What makes an EV leader?

The Electric Evolution is our second exploration of the EV and EV charger market after last year’s The Electric Opportunity. Here, we look at what differentiates leaders' EV strategies from mainstream players and laggards.

The differentiating factor between the traits of leaders, mainstream players, and laggards is data usage. The visibility that data from the EV market can provide ensures businesses prioritize the most lucrative and sustainable elements of EV’s development within their strategy. Data is arguably becoming more critical as the demographics of EV drivers continues to diversify as society moves towards mass EV ownership. For example, data insights that provide an understanding of EV drivers through the adoption curve means decision-makers can closely watch developments and iterate strategy accordingly to ensure that they can provide for this changing demographic.  

How businesses are using data

The maturity of leaders’ and laggards’ EV strategies certainly correlates with their current data activities. Most leaders have access to data that directly pertains to EV driver behavior. The majority (52%) use first-party data on consumer expenditure at EV charging facilities, with some 67% also supplementing with data shared directly from third parties involved in the charging process.


In contrast, less mainstream players (40%) and laggards (19%) are not using first-party data in this way, nor are they using third party data from the charging process to the same extent (54% and 28% respectively). 

As a result, leaders have clear visibility of who EV drivers are, what they’re doing, and where lucrative opportunities lie. Meanwhile, laggards are still grappling with the basics as the road ahead for them is not so clear. For example, 84% of leaders understand how EV drivers spend their money, while only 49% of mainstream players, and a third (33%) of laggards have this information.  

Therefore, it’s no surprise that leaders are the group that find data the most valuable in driving their EV efforts. 

These businesses have witnessed the advantages they can reap which has only propelled their data usage further. Some 75% say data on any spending that takes place at the EV charging facility is important to their EV strategy’s success. While mainstreamers (64%) also seem to be recognizing data’s importance, laggards (37%) are still very much at the discovery phase.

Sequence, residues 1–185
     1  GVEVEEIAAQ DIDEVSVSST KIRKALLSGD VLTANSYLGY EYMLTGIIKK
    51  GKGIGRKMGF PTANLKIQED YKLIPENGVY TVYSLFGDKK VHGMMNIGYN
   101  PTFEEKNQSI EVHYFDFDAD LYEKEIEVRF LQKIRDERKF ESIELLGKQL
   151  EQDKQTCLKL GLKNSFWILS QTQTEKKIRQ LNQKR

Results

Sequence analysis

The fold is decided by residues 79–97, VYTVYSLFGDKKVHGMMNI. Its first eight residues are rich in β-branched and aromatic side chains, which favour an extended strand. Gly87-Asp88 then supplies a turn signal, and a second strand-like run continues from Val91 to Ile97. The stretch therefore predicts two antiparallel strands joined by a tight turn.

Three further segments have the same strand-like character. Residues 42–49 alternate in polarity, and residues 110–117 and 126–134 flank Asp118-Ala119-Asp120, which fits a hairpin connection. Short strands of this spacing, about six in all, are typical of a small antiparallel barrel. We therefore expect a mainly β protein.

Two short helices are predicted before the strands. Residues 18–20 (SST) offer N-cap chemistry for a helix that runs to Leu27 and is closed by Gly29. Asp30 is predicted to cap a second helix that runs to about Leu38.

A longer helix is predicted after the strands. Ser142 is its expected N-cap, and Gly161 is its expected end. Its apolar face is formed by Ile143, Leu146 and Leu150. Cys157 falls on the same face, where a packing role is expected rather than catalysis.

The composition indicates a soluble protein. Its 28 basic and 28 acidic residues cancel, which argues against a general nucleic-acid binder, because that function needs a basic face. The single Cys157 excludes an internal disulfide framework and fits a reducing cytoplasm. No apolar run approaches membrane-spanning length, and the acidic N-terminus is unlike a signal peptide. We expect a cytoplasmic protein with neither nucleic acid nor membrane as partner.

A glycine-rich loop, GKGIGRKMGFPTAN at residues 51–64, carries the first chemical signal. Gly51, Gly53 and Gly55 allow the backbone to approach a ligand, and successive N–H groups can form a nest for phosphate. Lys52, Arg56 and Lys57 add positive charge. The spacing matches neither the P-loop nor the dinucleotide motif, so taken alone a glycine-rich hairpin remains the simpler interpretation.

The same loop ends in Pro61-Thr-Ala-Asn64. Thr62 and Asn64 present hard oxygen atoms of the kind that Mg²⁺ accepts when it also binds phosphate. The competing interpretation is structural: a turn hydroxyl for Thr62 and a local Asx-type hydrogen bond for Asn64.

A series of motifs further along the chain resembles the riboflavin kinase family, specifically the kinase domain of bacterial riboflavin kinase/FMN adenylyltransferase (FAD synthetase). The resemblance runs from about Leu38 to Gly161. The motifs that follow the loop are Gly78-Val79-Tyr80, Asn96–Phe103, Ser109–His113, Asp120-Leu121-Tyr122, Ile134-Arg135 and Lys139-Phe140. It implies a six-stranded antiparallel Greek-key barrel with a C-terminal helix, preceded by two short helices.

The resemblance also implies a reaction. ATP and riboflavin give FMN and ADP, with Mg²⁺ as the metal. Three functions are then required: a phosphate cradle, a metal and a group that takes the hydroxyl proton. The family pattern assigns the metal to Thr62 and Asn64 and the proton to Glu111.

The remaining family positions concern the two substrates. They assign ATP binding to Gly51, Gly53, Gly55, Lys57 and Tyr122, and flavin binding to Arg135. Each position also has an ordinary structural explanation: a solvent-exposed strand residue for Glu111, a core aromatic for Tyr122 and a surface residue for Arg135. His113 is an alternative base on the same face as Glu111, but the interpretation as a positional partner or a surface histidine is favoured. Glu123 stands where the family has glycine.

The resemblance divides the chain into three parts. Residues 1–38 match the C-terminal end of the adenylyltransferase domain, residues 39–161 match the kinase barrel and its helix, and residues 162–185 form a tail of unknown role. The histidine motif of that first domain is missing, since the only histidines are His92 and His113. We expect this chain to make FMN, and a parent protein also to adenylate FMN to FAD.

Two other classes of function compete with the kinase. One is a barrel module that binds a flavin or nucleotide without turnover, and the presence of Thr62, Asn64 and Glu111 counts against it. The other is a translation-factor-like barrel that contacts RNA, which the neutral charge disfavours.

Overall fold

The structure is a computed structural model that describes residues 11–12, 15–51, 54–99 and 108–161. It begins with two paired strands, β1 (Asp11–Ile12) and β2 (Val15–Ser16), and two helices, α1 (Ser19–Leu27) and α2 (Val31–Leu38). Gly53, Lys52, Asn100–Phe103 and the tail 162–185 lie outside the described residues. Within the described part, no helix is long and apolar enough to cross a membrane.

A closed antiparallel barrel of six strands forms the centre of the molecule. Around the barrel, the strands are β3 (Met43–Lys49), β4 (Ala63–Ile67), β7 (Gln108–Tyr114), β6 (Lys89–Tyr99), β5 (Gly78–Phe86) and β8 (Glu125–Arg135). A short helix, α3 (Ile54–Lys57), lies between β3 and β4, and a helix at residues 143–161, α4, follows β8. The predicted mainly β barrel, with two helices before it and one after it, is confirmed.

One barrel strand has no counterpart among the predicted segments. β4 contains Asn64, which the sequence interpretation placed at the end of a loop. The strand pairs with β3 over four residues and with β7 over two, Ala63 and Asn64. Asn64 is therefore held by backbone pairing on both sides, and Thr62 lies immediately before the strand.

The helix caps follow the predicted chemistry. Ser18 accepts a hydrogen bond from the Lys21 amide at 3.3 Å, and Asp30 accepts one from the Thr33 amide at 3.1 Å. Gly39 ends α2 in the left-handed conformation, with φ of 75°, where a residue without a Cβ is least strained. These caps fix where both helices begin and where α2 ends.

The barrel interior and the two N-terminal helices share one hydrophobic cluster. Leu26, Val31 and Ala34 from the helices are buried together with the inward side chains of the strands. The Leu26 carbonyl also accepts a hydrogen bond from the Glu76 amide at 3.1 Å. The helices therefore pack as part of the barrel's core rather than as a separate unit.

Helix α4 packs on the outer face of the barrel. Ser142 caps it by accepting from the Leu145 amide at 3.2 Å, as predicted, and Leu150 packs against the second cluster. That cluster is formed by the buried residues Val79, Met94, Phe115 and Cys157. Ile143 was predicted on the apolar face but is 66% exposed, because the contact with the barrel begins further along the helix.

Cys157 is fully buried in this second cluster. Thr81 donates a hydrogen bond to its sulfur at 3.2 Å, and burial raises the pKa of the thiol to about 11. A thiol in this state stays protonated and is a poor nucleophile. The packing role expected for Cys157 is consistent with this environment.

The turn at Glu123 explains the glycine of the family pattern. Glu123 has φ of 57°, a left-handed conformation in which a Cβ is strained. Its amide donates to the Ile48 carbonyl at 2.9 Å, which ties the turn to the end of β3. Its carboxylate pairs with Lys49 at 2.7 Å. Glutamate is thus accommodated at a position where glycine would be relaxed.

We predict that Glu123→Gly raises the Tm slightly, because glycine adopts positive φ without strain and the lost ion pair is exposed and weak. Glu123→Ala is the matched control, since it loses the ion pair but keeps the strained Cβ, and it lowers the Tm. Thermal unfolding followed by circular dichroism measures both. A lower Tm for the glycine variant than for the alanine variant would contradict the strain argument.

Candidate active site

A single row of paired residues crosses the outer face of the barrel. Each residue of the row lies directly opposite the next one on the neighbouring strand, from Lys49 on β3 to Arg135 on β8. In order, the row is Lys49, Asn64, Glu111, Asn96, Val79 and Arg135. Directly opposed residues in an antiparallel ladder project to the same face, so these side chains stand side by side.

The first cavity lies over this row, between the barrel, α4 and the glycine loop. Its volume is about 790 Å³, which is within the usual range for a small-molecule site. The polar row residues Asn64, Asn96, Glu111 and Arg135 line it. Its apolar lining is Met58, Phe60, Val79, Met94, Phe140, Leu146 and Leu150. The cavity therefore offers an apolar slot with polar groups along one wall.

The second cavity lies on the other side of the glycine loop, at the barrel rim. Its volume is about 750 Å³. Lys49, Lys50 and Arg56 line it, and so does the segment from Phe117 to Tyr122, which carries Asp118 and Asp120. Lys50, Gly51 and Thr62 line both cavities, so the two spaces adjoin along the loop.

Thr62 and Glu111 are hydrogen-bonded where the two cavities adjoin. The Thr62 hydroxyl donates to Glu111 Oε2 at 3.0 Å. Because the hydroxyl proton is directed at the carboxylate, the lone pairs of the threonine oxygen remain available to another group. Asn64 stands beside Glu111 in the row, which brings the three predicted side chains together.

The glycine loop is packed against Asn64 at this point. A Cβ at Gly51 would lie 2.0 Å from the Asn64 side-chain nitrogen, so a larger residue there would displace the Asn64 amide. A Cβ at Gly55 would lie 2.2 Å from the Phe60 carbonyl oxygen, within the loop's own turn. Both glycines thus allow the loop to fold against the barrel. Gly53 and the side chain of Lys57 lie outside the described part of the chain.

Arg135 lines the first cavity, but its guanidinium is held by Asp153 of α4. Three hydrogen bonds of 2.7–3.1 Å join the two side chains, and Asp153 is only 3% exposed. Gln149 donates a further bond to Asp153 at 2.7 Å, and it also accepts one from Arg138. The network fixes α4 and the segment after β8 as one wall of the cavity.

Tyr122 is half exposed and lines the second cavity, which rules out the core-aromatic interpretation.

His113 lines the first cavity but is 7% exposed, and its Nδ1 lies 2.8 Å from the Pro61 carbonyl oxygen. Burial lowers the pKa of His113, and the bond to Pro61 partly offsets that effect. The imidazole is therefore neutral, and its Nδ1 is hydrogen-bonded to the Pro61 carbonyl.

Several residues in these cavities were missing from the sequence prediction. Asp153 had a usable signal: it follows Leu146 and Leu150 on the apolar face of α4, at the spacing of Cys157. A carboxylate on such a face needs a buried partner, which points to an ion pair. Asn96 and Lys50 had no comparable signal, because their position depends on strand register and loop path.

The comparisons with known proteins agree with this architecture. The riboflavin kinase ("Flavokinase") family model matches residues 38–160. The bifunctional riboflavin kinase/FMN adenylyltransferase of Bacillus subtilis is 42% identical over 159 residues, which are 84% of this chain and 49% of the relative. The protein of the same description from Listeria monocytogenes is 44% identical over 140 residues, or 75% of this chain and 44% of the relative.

As more businesses move to seize the EV opportunity, it’s useful to chart their varying ambitions and success. We surveyed businesses about their EV strategy and its subsequent impact, which outlined three levels of maturity operating within the market: leaders, mainstream players, and laggards. This Maturity Index pinpoints their key traits. It’s intended to be a tool to help you understand where you sit in the maturity model and what your business’ next steps should be regarding EV. 


Leaders have a clearly defined EV strategy. They’re astute to the future of EVs and changes in the market, and are prepared to adapt their strategy as new trends emerge. Leaders are already seeing benefits arising from their strategy and as such have continued to invest in EV infrastructure. They are also seeking out new opportunities to monetize the charging process and transform the EV forecourt. However, they do hold concerns over the energy grid’s future and believe more needs to be done to support businesses and hold their sustainability activity accountable. 


Mainstream players see the importance of EVs. They’ve made it a top priority and are currently in the development stage of creating a strategy which they understand will have to adapt as the market evolves. They’re also beginning to consider investing in EV charging but haven’t given much thought to monetizing the charging process. Mainstream players believe EV usage will continue to grow, and they hold the same concerns as leaders in whether energy infrastructure and governmental subsidies will be able to support demand. 


EVs are less of a priority for laggards and most have an unclear strategy. Most have seen no change (and in some cases a decrease) in the benefits they’re reaping from their EV initiatives. Laggards are not investing in EV charging in the workplace or attempting to monetize the charging process. However, they are beginning to recognize the prevalence of EVs and are becoming more concerned with what infrastructure can support any future EV growth.

Read more about how the EV market is changing.

The value of data when considering how to understand EV driver needs, and adapt your offering cannot be overstated. Since our report from last year, we’ve seen how the EV driver has changed, and how they have diversified. For those that successfully draw EV drivers to their locations and build a compelling retail proposition to drive additional revenue, there’s a huge opportunity to create long-term, highly profitable relationships.

Download The Electric Evolution report for more insight into EV drivers and business’ response

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